After the opening ceremonies, we bounced outside of Altai City, in a dust veiled procession of ‘machines’, with our student, Cassandra, and her family, to watch the horse races. A handful of bumpy miles later, we pulled up to a make-shift party town of gers, tarp tented shops and sideshows, and even solar-paneled internet stalls, scattered at the foot of a hill, swelling out from the scruffy steppes. The horses have already left, so we settled to see the youngest archers take their first shots at Naadam glory. It was serious business for them, dressed in their silken regalia, flapping in an uncooperative wind. Little faces scrunched, as they pulled blunted arrows back, steady against shaft-burned rosy cheeks; after calculating trajectory, they released the missiles into the sky, and watched them rain down on the target, a series of leather rings stacked about knee high off the ground. When the arrow found its mark, their older counterparts, standing down the field, on either side of the target, would raise their arms to the sky, and celebrated the achievement in a brief song.
The riders rumbled back in a small dust storm, on sweaty, snorting mounts, to a crescendo of snorts and hooves, scattering archers and spectators alike. The young jockeys, between six to eight years old, dressed in vivid superhero costumes, drove the horses towards the finish, with whips, boots, and yelps! They have been at full gallop for almost three hours, and exhaustion heaved its desperate mask on the horses, and their very young riders. Sweat streaked channels through dust caked faces and huffing horseflesh! Some mounts returned without riders, leaving us to wonder what misfortune befell during the treacherous journey. Well-wishers quickly converged with cheery congratulations, swiping sheets of sweat from horses, with their hands, for luck, while mare milk was poured onto the winners, and the rumps of their mounts, from 2L Coke bottles! The last arrival was given the titles, ‘Complete Happiness’ and ‘Rich Stomach’ and praised alongside the ‘Winner of Ten Thousand’, as encouragement for its next race. We were swept up, capturing the chaotic visual feast on our camera, weaving through skittish horses, lurching autos, howling vendors, and staggering celebrators!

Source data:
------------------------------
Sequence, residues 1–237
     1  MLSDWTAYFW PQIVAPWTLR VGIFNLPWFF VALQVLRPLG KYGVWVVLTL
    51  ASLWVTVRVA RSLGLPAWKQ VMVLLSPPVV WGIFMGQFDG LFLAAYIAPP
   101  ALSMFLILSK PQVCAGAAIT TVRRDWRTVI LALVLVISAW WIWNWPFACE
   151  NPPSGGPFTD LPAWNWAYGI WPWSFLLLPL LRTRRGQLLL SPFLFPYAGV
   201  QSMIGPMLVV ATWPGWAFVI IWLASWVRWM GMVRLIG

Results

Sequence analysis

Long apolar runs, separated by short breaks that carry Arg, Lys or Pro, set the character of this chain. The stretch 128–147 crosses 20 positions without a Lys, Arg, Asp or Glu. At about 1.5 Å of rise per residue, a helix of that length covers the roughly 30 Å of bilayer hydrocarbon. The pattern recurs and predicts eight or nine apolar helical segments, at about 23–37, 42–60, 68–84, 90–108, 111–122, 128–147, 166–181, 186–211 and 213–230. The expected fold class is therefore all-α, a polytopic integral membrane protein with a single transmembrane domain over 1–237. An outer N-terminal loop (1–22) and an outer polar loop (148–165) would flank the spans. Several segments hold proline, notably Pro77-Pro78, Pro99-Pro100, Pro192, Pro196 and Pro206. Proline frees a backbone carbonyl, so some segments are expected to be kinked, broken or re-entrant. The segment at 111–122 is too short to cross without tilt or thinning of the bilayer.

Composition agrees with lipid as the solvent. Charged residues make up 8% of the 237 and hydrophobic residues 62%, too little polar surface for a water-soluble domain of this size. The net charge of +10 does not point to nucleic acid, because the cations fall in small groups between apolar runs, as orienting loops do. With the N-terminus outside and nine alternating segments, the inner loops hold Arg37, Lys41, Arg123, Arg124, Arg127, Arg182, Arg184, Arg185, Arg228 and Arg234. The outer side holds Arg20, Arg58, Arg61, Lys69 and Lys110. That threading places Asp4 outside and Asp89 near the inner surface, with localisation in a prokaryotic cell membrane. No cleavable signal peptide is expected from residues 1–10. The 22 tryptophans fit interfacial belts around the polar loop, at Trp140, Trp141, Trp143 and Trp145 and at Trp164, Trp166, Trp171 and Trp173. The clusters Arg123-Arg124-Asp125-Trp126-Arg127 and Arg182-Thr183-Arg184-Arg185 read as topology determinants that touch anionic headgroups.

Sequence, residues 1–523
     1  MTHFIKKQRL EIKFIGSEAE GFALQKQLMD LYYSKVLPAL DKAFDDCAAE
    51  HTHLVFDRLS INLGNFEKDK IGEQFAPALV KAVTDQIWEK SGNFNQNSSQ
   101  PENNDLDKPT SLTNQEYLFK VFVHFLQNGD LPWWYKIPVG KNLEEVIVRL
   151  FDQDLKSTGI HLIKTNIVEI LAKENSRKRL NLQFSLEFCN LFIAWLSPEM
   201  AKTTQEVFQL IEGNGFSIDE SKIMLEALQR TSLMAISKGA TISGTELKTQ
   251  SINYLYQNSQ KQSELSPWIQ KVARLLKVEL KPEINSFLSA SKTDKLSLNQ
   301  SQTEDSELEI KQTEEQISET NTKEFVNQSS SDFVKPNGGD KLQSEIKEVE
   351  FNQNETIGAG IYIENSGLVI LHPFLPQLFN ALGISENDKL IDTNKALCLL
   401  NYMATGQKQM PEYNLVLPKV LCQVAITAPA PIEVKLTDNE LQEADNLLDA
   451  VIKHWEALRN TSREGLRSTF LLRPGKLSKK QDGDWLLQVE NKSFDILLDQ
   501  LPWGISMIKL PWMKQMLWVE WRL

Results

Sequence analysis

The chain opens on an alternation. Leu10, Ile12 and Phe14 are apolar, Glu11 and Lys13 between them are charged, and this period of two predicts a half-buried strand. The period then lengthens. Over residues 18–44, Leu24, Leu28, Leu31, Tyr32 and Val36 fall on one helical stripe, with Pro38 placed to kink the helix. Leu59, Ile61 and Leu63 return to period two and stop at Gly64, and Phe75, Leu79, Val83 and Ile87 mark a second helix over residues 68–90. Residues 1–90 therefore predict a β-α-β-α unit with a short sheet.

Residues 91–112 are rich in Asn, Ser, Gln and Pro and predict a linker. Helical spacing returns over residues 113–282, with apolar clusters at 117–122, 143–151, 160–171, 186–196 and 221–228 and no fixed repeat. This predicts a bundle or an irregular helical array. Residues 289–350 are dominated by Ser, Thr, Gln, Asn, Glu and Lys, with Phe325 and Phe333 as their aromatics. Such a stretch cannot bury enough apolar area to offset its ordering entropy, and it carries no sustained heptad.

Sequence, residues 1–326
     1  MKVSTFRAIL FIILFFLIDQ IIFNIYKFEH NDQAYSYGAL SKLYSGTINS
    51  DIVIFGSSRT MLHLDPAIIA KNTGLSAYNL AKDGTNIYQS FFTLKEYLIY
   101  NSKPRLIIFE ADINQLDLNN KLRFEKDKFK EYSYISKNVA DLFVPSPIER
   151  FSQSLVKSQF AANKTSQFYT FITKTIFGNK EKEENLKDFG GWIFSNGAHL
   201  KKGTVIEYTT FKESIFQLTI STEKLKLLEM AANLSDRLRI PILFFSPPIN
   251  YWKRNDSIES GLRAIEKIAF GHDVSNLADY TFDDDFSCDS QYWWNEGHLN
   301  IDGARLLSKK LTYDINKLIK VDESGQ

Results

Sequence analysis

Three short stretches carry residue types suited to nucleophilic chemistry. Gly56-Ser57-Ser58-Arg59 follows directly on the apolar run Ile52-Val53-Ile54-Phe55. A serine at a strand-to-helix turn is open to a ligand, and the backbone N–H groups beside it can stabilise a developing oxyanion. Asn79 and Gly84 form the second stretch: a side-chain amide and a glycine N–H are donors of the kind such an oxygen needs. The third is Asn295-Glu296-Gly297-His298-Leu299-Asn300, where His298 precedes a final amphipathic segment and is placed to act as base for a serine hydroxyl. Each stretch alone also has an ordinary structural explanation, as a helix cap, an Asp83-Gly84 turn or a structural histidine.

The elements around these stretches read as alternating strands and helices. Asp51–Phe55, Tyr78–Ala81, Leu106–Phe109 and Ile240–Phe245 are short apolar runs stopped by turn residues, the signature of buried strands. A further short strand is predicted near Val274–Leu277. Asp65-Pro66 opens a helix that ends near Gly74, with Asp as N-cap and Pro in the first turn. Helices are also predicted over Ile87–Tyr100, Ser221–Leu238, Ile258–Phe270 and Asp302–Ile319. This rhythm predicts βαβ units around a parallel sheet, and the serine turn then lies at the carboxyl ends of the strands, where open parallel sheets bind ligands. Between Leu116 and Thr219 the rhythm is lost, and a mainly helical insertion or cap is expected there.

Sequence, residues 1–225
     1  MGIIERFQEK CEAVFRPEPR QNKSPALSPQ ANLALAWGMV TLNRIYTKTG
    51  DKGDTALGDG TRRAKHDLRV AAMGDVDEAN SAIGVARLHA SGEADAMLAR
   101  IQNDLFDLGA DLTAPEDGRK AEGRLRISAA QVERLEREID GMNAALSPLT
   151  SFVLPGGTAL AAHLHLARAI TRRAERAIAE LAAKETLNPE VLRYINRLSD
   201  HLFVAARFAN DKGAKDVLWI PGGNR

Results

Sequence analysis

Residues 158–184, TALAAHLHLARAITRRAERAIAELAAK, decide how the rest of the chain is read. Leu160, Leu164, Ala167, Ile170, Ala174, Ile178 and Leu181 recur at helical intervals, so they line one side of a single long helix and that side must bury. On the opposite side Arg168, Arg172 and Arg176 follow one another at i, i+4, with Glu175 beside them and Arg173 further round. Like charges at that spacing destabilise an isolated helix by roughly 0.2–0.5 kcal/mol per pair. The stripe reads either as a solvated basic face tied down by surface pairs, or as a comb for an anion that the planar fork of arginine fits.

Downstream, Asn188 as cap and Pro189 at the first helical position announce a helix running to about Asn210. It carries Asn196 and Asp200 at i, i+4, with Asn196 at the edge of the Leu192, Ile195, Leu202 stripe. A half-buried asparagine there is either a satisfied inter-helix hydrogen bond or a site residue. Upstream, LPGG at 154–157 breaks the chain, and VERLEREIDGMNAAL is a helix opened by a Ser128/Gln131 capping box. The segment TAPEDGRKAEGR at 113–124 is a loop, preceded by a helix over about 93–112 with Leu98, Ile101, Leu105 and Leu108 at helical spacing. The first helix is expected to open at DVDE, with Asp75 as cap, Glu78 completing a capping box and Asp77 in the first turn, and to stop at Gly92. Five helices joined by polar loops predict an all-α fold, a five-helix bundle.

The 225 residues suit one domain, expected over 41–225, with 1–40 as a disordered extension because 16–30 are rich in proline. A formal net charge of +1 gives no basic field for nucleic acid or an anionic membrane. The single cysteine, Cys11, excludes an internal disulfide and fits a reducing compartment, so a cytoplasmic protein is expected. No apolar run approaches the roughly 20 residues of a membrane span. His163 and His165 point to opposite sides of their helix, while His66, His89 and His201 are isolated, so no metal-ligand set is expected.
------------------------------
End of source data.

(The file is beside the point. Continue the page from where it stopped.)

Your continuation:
We used our familiarity with the Altai City wrestlers, to gain access onto the field, and spent the next two days squatting besides the judges, in the harsh arid heat of the Gobi, while the wrestlers clashed like two snorting bulls, just a handful of meters away. Mongolian throat singing, coupled with didgeridoos, piped out from giant speakers behind us, hummed intoxicatingly with the roar of the audience. Breaks in action were filled with award ceremonies for the archers, horses, riders, and trainers, and gave the Altai locals a chance to network with the rest of Mongolia. Decorated horses jingled around the stadium, mounted by their young caped riders, draped in blue prayer silks and medallions. None of Altai City’s small wrestling team made it into the later rounds, but they all seemed happy for the camaraderie, and the opportunity to test their skills against Mongolia’s best. We started to notice that the match-ups were drawn to favor the Mongolian sumo hero, Ozaki Ama Byambadorj’s family, who were natives of the Altai Province, as his brother and cousin suspiciously ended up against each other in the finals. We were surprised none of the locals raised any objections, as betting was rampant in the later rounds, and much money was changing hands. Despite the scripted ending, to our first country Naadam, we felt very lucky to have ‘happened-in’ on Altai City, in our Mongolian journey, at the time of their monumental anniversary, and we will forever treasure the friendships we made, at this little Mongolian outpost.